Friday, January 23, 2009

'Black Berry One'

Yesterday, White House Press Secretary Robert Gibbs announced that President Obama will be allowed to keep his beloved Black Berry phone. 

This is to be considered a notable victory for the President, whose desire to keep his phone has overcome the vociferous objections of security officials.  Concerns arise because after he leaves office, any and all Obama communications, whether strictly business or candidly personal, are required to be released under the Freedom of Information rules and become part of the public record. Thereis also an apprehension that secure information could be "hacked" or "leaked" from the phone. 

I don't really see why Obama's bid to keep his phone became such a major contention.  First, White House IT personnel will "whitelist" the phone, restricting incoming messages to a tightly controlled list of Obama's personal and business contacts.  Michelle Obama, his kids, Rahm Emanual, David Axelrod, Hillary Clinton and a couple of close friends will likely constitute the entire approved list.  Obama's outgoing emails and messages will be closely regulated as well. Such tight control allows the President to retain at least some of the phone's functionality, but drastically reduces the chance for any malfeasance on the account. [imagine how Bill Clinton's texts to his interns would read]

Second, Obama is the first man to take Office who actually supports and embraces technological advancements.  He knows and understands the responsibilities that come with the Presidency, and will not abuse it by sending any inappropriate messages on his phone.  In all likelihood, President Obama's most "revealing" personal emails will expound his love of sports; he is too conscious of his technological footprint to allow any secure or scandalous information to leak through his phone. 

The controversy over the President's phone has quickly be resolved and will become an non-story as Obama's staff  brings a tech-centric approach to the entire White House.  This tech transition may encounter a few road bumps (apparently some junior staffers were entirely flummoxed when they tried to access information from an actual *gasp* Rolodex), but it is long overdue and a wise move by the new administration.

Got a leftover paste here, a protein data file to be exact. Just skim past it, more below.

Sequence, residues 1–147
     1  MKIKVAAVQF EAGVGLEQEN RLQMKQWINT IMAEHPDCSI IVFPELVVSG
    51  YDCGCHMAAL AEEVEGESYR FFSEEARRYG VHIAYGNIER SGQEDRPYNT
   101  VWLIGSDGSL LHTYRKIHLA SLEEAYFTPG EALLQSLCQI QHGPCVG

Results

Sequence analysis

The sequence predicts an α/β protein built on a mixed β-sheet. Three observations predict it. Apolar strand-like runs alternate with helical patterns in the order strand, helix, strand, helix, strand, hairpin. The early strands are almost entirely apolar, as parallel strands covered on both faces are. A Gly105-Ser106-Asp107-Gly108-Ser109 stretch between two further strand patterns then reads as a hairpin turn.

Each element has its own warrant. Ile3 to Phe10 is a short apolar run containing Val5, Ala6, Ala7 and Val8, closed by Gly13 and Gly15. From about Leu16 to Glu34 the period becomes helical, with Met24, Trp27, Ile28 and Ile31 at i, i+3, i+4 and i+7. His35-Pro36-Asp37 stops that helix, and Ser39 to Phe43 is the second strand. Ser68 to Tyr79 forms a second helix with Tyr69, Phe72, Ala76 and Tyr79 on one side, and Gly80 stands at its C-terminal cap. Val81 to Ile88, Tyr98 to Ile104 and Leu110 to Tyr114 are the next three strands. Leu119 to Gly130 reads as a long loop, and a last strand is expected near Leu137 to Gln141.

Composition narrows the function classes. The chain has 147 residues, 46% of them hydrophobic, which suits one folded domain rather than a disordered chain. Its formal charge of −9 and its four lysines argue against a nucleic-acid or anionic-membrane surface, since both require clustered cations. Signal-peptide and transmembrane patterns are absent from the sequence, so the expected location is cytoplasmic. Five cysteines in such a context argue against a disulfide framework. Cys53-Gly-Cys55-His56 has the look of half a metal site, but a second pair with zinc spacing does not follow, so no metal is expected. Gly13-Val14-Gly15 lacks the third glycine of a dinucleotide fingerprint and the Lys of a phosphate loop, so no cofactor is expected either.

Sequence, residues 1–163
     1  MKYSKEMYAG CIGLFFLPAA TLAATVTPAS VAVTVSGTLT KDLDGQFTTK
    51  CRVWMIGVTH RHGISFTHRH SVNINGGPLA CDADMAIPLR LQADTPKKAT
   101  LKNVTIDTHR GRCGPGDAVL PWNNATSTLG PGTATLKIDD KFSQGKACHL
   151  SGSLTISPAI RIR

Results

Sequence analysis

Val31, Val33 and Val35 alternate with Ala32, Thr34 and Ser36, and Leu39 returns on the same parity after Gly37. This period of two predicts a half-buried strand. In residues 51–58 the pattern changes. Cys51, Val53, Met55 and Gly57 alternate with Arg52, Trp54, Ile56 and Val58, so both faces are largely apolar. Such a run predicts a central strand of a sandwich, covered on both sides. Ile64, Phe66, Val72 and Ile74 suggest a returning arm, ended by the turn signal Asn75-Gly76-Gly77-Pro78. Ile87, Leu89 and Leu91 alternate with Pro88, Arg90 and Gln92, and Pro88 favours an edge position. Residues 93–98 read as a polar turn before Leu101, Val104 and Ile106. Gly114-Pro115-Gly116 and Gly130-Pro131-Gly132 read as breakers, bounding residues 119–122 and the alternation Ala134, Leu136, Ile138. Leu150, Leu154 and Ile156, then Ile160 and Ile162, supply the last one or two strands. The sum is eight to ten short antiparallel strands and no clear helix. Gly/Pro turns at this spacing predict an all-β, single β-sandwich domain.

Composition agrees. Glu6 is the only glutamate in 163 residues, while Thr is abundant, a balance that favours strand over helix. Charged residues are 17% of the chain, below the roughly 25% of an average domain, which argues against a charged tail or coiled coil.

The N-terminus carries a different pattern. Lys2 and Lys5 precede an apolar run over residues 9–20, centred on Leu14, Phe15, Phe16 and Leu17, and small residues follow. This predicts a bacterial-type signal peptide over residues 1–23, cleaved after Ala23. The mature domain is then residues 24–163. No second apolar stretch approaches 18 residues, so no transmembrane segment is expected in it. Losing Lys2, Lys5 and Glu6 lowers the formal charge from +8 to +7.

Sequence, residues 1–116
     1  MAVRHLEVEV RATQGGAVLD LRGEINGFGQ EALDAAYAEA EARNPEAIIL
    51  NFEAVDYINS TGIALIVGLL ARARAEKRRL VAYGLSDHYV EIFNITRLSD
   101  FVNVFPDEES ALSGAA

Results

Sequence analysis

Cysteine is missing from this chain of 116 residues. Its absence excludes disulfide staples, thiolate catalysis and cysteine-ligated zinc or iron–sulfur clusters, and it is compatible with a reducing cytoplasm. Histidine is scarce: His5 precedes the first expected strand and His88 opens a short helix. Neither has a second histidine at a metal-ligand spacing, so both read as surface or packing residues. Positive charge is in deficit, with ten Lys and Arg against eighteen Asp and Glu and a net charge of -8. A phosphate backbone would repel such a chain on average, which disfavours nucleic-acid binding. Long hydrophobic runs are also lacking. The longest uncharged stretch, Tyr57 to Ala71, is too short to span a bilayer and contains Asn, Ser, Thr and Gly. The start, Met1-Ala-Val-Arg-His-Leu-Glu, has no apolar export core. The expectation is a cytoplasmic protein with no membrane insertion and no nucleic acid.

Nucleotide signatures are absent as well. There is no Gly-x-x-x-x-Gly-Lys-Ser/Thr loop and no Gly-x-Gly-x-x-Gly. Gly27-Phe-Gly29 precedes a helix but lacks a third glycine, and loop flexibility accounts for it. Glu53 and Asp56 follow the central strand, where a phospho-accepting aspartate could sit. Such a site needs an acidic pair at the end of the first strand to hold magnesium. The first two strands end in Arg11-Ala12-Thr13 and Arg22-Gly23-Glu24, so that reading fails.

2 comments:

ACorso said...

Just as an adder to your story, the Blackberry is HIGHLY encrypted.

They basically created their own OS security software with the BBerry software as the base.

http://latimesblogs.latimes.com/washington/2009/01/the-first-techn.html

Kinda cool.

They call me K. said...

Mmm, that thing is going to be hacked. Announcing that he's keeping a specially encrypted Blackberry was like waving a red cloth in front of a bull. All the bored blackhats are now going to take a shot at it. They can hack the Pentagon; why not the Blackberry?

If Obama is an evil genius, then keeping the Blackberry is smart. When it gets hacked and the information is leaked, all the public will see are innocuous, normal people emails because he'd be smart enough to keep his correspondences that way. Leaking hacked information that only testifies to his lack of evil is kind of a genius way to "verify" his white-bread wholesomeness.